Scent Marking by Cats
Among cats, the olfactory sense (sense of smell) is an extremely important means of communication. When outdoors, cats will mark shrubs and trees on the borders of their home by means of skin gland secretions, anal-sac secretions, urine spraying and also leaving their feces uncovered, which makes an impressive visual and olfactory signal. Urine marks retain their olfactory-communicative component for roughly three days, and are then re-marked by the cat when the odor begins to fade. This is thought to explain ritualistic re-marking of previously soiled spots.
Scent marking is a form of olfactory communication that has territorial and personal implications. It allows cats to advertise their priority with respect to living space, objects, other cats and people. It also serves as a method of advertising breeding status in the case of females. Domestic cats often engage in scent marking of one form or another. While we enjoy their bunting, other forms of marking behavior – in the form of urination, deposition of feces, and furniture scratching – are not so attractive to us! If a cat defecates on an owner's bedspread or urinates its owner's legs, its behavior should be taken as a great compliment (signifying close attachment) though this is rarely the owner's interpretation.
Cats scent mark in several ways: by bunting, urine/fecal marking, and by scratching objects.
Pheromones are chemical messengers that convey information about an individual's status and intentions. Some pheromones are secreted by sebaceous glands in the skin of the cat's forehead, lips, front paws, and around the anus. When a cat head-bunts, rubbing the side of her head against a person or object, glandular secretions from the cat's face are left on the surface, leaving a calling card of sorts.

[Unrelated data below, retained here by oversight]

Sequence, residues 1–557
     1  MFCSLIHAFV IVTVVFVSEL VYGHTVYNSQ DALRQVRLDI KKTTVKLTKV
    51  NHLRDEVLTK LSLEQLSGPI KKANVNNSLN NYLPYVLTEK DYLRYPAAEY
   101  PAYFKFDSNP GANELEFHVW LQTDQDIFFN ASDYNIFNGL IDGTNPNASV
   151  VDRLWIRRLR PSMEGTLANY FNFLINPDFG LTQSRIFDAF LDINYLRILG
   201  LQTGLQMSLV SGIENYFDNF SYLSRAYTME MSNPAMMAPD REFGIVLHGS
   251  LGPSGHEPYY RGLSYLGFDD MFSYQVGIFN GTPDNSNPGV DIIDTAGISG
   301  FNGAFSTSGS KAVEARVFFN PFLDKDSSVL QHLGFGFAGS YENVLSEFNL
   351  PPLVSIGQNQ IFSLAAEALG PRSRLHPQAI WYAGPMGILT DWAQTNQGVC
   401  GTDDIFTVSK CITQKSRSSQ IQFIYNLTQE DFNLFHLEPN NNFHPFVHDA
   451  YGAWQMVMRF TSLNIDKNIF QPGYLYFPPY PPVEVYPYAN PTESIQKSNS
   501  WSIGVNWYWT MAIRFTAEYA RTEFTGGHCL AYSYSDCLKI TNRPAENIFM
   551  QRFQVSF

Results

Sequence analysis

Spraying is a form of urine marking performed mainly by male cats. Tomcats use spraying to demarcate territorial limits and lay claim to females in estrus. Females in estrus will also spray urine to advertise their sexual receptivity. Altered indoor cats sometimes engage in this form of scent marking too. Feline house soiling is the most common feline behavior problem in the United States.
Urine spraying is the most classical form of urine marking but cats can also urine-mark from the squatting position.
In colonies of feral cats, subordinate individuals cover up their feces while more dominant cats leave their feces uncovered in a blatant display. Most indoor cats bury their feces, presumably because they feel subordinate to their human family. Burying feces reduces odors and this might be an important factor for the survival of the weaker individual that does not want to advertise its presence to others. Dominant household cats sometimes use fecal marking to signify their territorial claims.
Scratching at objects (e.g. trees, furniture) is also a form of scent marking behavior in which cats deposit odor-giving secretions from glands around their footpads on to a chosen object. Scratching objects is a visual marking behavior, too. It is as though the cat is saying: "this is mine: no trespassing" or "Kilroy was here."
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This article was excerpted from the CD entitled "Behavior Problems in Cats – Etiology, Diagnostics and Treatments" by Dr. Nicholas Dodman, Professor of Clinical Sciences at Tufts University, School of Veterinary Medicine, © 1998, Trustees of Tufts College. To buy a full copy of the CD, contact